A Keynesian Theory of Investing in Fine Wine

Fine wine has been a hot alternative investment category this year, as Blake Gray recently reported in his Wine-Searcher column. Fine wine investment is a very specialized field and anyone who is interested in taking the plunge is advised to get acquainted with research on the topic, especially including the reports from Liv-Ex, a leading fine wine trading platform.

Drinkers, Collectors, Investors

I divide the world of fine wine buyers into three over-lapping groups: drinkers, collectors, and investors. It is important to “know thyself” in this taxonomy. We are drinkers here at the Wine Economist household and, although we have a few special bottles squirreled away to share with friends at the right moment, it isn’t a collection or investment.

I have only a few friends who are really fine wine investors, although many of the collectors I know sometimes speak about their collections in investment terms. The key is what you do when a particular wine has reached its market peak. Do you drink, sell, or hold?

An investor sells, of course, and takes the profit if there is one. A collector holds because now the wine is ever more precious as a collectable.  A drinker has no decision to make — the wine is already gone. What do you do?

I was introduced years ago to a wealthy man who generously endowed scholarships at my university. He liked to talk about wine and economics, so we got along very well. “I never pay for my wine,” he once told me. For every case of fine wine he bought to drink he also bought one with the clear intention to sell for profit. The investment gains paid for the wines he drank and, since he sometimes shared bottles with us, I cannot criticize his logic!

Drinkers buy what they want to drink, obviously, which is a matter of personal taste. Collectors buy what they want to hold, which can be influenced by many factors including status and rarity (with a nod to economist Thorsetin Veblen, I have called this “conspicuous non-consumption”). What should investors buy? This got me thinking about John Maynard Keynes, one of the 20th century’s most influential economists.

Keynes and the Beauty Contest Dilemma

Keynes was an investor and a wine lover as well as an economic thinker, but I can’t find evidence that he invested in fine wine. From what I know he was more of a drinker, like me. When asked late in life if he had any regrets, he replied that he regretted that he did not drink more Champagne.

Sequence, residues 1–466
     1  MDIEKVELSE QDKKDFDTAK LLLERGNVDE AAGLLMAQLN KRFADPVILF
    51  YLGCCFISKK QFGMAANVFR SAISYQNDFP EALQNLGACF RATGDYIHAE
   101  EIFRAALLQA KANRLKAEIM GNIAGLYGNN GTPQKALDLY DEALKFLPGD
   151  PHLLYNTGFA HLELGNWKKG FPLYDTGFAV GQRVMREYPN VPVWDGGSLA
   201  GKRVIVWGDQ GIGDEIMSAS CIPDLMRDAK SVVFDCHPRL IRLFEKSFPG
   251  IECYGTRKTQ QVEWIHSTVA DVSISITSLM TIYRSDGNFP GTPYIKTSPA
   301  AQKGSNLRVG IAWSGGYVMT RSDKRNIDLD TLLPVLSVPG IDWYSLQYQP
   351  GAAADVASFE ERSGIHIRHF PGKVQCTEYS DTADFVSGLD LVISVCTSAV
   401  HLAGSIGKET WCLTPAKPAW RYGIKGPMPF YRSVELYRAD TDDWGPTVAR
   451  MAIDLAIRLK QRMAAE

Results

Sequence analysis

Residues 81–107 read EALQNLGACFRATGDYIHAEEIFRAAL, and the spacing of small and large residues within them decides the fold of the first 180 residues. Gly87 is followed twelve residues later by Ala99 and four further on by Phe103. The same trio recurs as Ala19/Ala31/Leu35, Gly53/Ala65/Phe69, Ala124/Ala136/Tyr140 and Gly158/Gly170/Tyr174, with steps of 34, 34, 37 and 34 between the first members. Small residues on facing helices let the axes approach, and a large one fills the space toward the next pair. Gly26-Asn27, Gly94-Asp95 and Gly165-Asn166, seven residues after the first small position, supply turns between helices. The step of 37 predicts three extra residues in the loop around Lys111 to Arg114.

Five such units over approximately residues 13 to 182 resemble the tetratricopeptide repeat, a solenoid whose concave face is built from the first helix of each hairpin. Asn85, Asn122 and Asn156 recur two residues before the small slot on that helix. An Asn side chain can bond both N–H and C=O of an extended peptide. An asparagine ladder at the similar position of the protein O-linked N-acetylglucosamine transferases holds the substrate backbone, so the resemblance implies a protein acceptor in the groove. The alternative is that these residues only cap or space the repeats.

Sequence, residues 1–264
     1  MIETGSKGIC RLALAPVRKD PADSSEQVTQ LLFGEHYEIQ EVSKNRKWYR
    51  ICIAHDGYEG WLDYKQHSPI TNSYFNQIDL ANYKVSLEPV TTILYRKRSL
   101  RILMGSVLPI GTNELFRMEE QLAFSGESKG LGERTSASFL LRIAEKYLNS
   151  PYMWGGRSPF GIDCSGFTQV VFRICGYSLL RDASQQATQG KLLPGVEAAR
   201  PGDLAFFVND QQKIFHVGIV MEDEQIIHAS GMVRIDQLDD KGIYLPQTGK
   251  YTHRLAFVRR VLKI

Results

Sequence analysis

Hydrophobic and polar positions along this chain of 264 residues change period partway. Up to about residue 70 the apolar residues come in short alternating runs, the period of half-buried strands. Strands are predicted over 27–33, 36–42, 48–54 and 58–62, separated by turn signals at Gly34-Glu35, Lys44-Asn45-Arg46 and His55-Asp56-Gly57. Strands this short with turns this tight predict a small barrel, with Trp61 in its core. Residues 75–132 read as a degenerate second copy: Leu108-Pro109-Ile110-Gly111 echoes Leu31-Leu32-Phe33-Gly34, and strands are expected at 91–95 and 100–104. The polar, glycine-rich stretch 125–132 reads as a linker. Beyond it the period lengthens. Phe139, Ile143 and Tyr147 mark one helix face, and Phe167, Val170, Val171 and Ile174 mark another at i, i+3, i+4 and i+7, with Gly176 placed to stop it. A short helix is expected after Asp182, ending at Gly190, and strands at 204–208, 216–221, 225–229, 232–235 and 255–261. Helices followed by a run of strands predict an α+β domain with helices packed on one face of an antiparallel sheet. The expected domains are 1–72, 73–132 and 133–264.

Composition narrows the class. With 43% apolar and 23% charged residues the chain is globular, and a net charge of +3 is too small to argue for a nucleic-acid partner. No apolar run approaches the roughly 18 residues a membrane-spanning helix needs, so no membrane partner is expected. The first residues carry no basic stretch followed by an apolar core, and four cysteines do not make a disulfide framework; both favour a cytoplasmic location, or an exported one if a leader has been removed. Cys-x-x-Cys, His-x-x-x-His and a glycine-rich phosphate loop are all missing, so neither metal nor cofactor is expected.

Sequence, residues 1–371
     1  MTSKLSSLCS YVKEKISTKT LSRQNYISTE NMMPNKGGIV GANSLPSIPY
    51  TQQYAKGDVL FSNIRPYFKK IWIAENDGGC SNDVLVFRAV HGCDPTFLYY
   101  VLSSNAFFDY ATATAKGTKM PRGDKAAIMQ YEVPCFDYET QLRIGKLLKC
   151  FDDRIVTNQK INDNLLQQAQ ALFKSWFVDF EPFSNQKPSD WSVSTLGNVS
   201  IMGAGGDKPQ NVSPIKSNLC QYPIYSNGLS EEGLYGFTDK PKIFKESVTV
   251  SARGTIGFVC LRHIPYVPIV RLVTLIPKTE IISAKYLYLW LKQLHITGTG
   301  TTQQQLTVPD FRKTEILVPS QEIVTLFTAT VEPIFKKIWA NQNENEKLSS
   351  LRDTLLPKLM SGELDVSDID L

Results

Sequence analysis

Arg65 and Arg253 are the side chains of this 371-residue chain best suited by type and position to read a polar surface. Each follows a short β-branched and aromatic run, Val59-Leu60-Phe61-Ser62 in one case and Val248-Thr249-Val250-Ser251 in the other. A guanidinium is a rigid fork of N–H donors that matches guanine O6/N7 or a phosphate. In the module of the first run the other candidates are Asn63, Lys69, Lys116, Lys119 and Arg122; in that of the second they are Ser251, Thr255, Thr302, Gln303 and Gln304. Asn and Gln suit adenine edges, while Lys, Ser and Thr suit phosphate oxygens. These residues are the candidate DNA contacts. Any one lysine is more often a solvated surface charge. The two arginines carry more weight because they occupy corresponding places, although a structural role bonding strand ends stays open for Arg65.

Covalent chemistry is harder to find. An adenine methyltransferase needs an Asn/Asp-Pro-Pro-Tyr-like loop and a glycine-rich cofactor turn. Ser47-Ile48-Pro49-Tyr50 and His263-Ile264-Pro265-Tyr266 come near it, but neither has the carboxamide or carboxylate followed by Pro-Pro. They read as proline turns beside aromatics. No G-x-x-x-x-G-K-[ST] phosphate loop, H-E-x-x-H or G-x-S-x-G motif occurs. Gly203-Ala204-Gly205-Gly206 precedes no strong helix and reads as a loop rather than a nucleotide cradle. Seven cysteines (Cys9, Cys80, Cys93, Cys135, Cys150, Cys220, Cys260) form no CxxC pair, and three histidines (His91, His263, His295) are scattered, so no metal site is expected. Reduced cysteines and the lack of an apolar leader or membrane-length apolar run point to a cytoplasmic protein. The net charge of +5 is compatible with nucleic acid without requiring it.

It is possible Keynes’s advice about investment in general can provide some useful insights into fine wine investment. Keynes once compared investment in the stock market to a kind of contest that was popular in the Sunday newspapers of his time. The newspapers printed pictures of a number of women and asked readers to rank them according to their attractiveness — a classic “beauty contest.” Times were clearly different — I cannot imagine such a contest today, can you?

The winner of the reader contest wasn’t the entrant who got the answer right — because there was no right answer. Beauty is in the eye of the beholder or, as an economist would say, de gustibus non est disputandum. No, the winner was the person whose choices came closest to the choices of all who entered. The wisdom of crowds in action!

So, Keynes noted, while a naive person would just choose the photo that seemed the prettiest, a clever person would try to guess what others would do and rank them accordingly regardless of personal preference. And a strategic person would assume that others were clever and so take this into account.

The winner, according to Keynes, is the person who best guesses what other people will think other people will do. And that, my friends, was the foundation of Keynes’s investment strategy, or at least the part that he discussed in one of his books. You don’t buy shares in the company you think will be most successful, you look for the stock that other people (the ones who will buy the shares from you at a profit) will think other people (the ones who they hope will buy the shares from them) will favor.

Other People’s Money

Do you see how this analysis applies to fine wine investment? Wine drinkers buy what they like and so are likely to make wide-ranging purchases since wine offers such great variety.

Wine collectors sometimes buy what will impress their friends and try to guess what they might be and so their purchases are likely to have a much narrower range.  Wine investors, however, make purchases based on what they think other people will think other people will do with their money and so are likely to focus on a relatively small number of “blue chip” wines — those that are most likely to meet the “other people – other people” criterion.

Many have noted that the range of investment wines seems to have broadened to include some American and Italian wines in addition to top tier Bordeaux, Burgundy, and Champagne. That is a good thing, since investment markets should be broad and deep if they are to serve real investment needs by providing liquidity and the opportunity for diversification.

Otherwise investing in wine or anything else is a little bit like investing in emerging economy stock markets, which are often dominated by a small number of equities and experience boom-bust price behavior driven by liquidity dynamics.  If your 401K account includes investments on the Turkish stock market, you know what I am talking about.

Bottom line: I am not going to advise you whether to invest in fine wine or not or which bottles are most likely to pay off. But this advice I give freely: wine investor, know thyself!


Sue and I wish all Wine Economist readers a happy holiday season!

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